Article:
The Senate’s proposed budget includes $50 million for a new 2nd District Court of Appeal facility in Lakeland.
The proposed allocation is more than double the amount approved last year and proposes construction in Lakeland rather than Pinellas County, last year’s approved location.
The Legislature in 2020 approved a $21 million expenditure to begin plans for a new facility in Pinellas County, likely at the state-owned Sebring Building in downtown St. Petersburg’s Mirror Lake neighborhood. However, the project fell victim to Gov. Ron DeSantis’ “Red Wedding” veto spree, spurred by expected revenue shortfalls due to the pandemic.
Instead of coming back with the same proposal this year, the budget, headed by Lakeland Republican Sen. Kelli Stargel, asks for $50 million for a new Polk County facility without specifying a location. The proposal stipulates that if a Polk County site cannot be identified, “funds may be used to purchase state or local lands within the jurisdiction of the 2nd District Court of Appeal.”
While that means a Pinellas County location is not completely off the table, the proposed funding line prioritizes Polk County, where Lakeland is the largest city. Stargel’s husband, John Stargel, is a judge in the 2nd DCA, appointed last summer by DeSantis.
That comes despite a 2016 study recommending a new 2nd DCA in either Hillsborough or Pinellas County. The study, conducted by Savills Studley Occupier Services in conjunction with the National Center for State Courts, found a Hillsborough or Pinellas County location would serve a greater portion of 2nd DCA staff and concerned parties than any other location within the district.
At the time of the study, 13 of the 16 judges within the 2nd DCA worked in Tampa full time. Only three judges worked in Lakeland, with even those splitting their time between Lakeland and Tampa. Staff supporting the 13 judges also worked full-time in Tampa.
Of the 104 2nd DCA employees at the time of the study, approximately 61% lived in Hillsborough and Pinellas counties, while only 34% lived in Polk County.
Further, the study found that the 2nd DCA’s population is geographically centered in the Tampa Bay region, according to the most recent U.S. Census data at that time. It found 41% of the 2nd DCA jurisdiction’s population resided in the Tampa Bay area, with just 12% of the population residing within Polk County.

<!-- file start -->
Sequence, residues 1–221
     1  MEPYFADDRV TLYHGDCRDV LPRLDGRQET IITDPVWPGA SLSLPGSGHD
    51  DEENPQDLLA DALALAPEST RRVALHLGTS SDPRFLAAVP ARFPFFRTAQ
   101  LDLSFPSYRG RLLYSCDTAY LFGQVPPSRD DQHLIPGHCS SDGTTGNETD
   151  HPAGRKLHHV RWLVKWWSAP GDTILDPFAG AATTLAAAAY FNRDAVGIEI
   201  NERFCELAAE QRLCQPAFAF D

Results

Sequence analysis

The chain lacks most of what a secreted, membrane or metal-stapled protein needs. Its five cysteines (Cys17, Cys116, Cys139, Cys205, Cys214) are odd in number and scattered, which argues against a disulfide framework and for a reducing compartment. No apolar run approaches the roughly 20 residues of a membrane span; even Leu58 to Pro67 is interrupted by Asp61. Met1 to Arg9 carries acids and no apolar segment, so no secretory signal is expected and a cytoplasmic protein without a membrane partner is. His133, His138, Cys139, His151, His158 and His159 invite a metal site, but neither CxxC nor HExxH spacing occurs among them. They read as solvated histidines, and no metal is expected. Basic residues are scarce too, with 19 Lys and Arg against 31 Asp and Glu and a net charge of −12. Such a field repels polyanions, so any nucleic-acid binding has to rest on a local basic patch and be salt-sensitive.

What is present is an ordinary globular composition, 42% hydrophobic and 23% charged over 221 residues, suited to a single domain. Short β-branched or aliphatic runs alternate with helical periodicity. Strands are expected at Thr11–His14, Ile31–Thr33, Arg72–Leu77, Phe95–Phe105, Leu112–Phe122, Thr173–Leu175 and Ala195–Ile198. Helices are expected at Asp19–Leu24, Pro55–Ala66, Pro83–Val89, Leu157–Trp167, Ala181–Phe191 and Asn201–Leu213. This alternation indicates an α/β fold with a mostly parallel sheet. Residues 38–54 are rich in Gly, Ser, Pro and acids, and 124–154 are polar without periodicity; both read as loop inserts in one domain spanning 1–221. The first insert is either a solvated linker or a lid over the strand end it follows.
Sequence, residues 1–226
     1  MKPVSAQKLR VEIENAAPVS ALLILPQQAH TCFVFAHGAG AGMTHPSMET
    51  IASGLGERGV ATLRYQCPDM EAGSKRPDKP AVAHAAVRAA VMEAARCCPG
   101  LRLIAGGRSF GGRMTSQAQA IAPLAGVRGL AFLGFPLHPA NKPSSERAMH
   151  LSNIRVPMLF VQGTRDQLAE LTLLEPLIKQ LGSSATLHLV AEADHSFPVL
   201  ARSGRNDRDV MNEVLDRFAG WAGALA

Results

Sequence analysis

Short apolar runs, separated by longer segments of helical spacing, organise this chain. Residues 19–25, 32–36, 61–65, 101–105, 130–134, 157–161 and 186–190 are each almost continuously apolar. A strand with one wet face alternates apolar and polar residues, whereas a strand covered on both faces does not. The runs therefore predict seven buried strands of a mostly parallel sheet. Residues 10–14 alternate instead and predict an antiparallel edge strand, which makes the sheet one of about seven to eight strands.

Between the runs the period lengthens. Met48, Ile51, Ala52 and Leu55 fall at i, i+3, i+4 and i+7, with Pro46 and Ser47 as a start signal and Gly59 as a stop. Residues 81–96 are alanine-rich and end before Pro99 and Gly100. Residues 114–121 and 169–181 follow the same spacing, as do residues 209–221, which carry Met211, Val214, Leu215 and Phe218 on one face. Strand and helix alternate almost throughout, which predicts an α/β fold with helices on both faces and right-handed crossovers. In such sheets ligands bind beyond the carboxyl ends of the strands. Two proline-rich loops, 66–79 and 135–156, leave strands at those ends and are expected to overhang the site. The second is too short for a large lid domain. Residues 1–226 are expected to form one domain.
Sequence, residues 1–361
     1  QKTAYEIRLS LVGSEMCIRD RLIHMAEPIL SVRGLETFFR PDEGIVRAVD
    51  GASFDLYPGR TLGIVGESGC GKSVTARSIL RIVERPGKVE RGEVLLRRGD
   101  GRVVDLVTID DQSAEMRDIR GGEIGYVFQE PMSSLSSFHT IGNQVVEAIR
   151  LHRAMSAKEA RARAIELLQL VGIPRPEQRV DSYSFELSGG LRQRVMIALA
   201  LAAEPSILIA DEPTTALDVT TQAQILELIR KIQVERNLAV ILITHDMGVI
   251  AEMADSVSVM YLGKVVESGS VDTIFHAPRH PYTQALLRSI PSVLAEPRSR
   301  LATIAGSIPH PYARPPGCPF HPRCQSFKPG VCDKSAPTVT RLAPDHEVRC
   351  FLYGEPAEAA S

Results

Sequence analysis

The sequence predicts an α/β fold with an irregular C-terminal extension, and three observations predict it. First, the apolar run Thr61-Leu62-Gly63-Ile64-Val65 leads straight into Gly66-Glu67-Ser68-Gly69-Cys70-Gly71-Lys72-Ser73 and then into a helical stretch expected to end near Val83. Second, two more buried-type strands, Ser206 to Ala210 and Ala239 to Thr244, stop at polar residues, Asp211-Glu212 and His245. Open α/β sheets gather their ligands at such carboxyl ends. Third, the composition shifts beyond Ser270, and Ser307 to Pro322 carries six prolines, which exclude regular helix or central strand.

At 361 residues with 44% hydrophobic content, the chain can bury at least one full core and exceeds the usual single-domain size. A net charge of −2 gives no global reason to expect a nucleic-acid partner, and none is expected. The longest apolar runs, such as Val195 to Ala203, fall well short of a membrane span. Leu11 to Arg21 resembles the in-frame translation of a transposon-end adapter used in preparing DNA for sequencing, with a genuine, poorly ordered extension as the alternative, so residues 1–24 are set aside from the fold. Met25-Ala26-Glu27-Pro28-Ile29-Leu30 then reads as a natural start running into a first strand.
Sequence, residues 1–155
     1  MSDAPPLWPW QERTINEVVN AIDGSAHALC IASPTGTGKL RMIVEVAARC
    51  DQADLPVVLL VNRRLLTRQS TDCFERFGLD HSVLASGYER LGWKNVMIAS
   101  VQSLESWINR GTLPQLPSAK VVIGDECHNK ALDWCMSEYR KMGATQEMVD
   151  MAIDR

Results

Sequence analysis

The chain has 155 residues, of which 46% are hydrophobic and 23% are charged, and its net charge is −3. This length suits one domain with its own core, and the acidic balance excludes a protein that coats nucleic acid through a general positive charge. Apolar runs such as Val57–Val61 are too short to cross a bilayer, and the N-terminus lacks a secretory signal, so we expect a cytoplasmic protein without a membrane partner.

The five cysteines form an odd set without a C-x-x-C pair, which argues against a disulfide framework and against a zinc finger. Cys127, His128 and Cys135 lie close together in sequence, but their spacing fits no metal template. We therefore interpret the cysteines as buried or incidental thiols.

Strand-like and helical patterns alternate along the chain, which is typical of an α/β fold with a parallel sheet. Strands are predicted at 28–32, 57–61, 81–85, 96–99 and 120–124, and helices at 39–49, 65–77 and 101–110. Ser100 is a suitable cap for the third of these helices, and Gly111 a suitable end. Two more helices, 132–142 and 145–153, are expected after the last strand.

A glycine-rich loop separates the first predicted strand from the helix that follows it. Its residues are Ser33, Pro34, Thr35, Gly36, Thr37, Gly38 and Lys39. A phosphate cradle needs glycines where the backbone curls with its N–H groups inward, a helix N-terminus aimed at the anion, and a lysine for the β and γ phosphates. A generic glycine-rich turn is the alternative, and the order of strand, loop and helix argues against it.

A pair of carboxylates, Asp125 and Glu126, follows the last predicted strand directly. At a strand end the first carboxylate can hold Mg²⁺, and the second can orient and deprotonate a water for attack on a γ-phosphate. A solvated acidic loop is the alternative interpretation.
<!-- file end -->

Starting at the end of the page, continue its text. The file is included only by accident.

A full 62% of Florida Bar members within the 2nd DCA lived in Tampa Bay, compared to just 6% who lived in Polk County. The study found that “the residency of lawyers in relation to the location of the 2nd DCA has a major impact on the recruitment and retention of staff talent.”
It’s not expected that in the time since the study’s completion, those numbers have significantly shifted to change the overall population dynamics.
Stargel told Florida Politics the proposed budget allocation is consistent with state statute requiring its location in Lakeland. Florida State Statute 35.05 states the headquarters “shall be” located with “the Tenth Judicial Circuit, Lakeland, Polk County.
“I don’t believe that our court should be determined on where the current judges reside,” Stargel said.
Asked about her husband residing within the proposed new headquarter’s city, Stargel said he had no preference on where the new office was located.
“This issue has been around a long time before he was on the DCA and he doesn’t care where it is,” Stargel said. “The law says that it needs to be in Lakeland.”
The appeals court is currently operating in leased space at a Stetson Law building near downtown Tampa after moving from its previous home in Lakeland due to unsafe air quality conditions at the aging building, which is still technically home base for the 2nd DCA.
Stargel said most judges prefer to work in the Tampa location, but argued judges have long been disinterested in where the actual headquarters was located.
The current lease with Stetson expires in 2023, which would have given the state adequate time to secure a new permanent home had last year’s allocation not been vetoed.
The project had been lauded not only as a way to find a permanent and more suitable home for the 2nd DCA, but as a potential boon for downtown St. Pete and Mirror Lake.
Sen. Jeff Brandes, whose district is nestled within St. Pete, called the project a “truly once in a multigenerational opportunity,” one that could fundamentally reshape the Mirror Lake neighborhood, according to the St. Pete Catalyst.
The building was also ideal because it was already state-owned property, a prerequisite recommended in the Savills study and included in the 2021 budget proposal.
The $21 million vetoed last year would not have paid for the entire project but would have laid the foundation for a jumping-off point and paved the way for future appropriations to get the job done.
This year’s proposed $50 million would fund both the design and construction of a new Polk County facility, assuming a state- or locally-owned site is identified.
Asked whether she worried ongoing tough budget decisions could hinder her proposal for the $50 million project, Stargel said she was hopeful because it was a one-time expenditure, not a recurring cost. The state’s revenue has been hindered by the COVID-19 crisis, but those effects, she said, will be felt in recurring expenses more so than one-time costs.
“We have a breadth of nonrecurring dollars,” Stargel said, noting budget boosts from one-time federal allocations aimed at COVID-19 recovery efforts.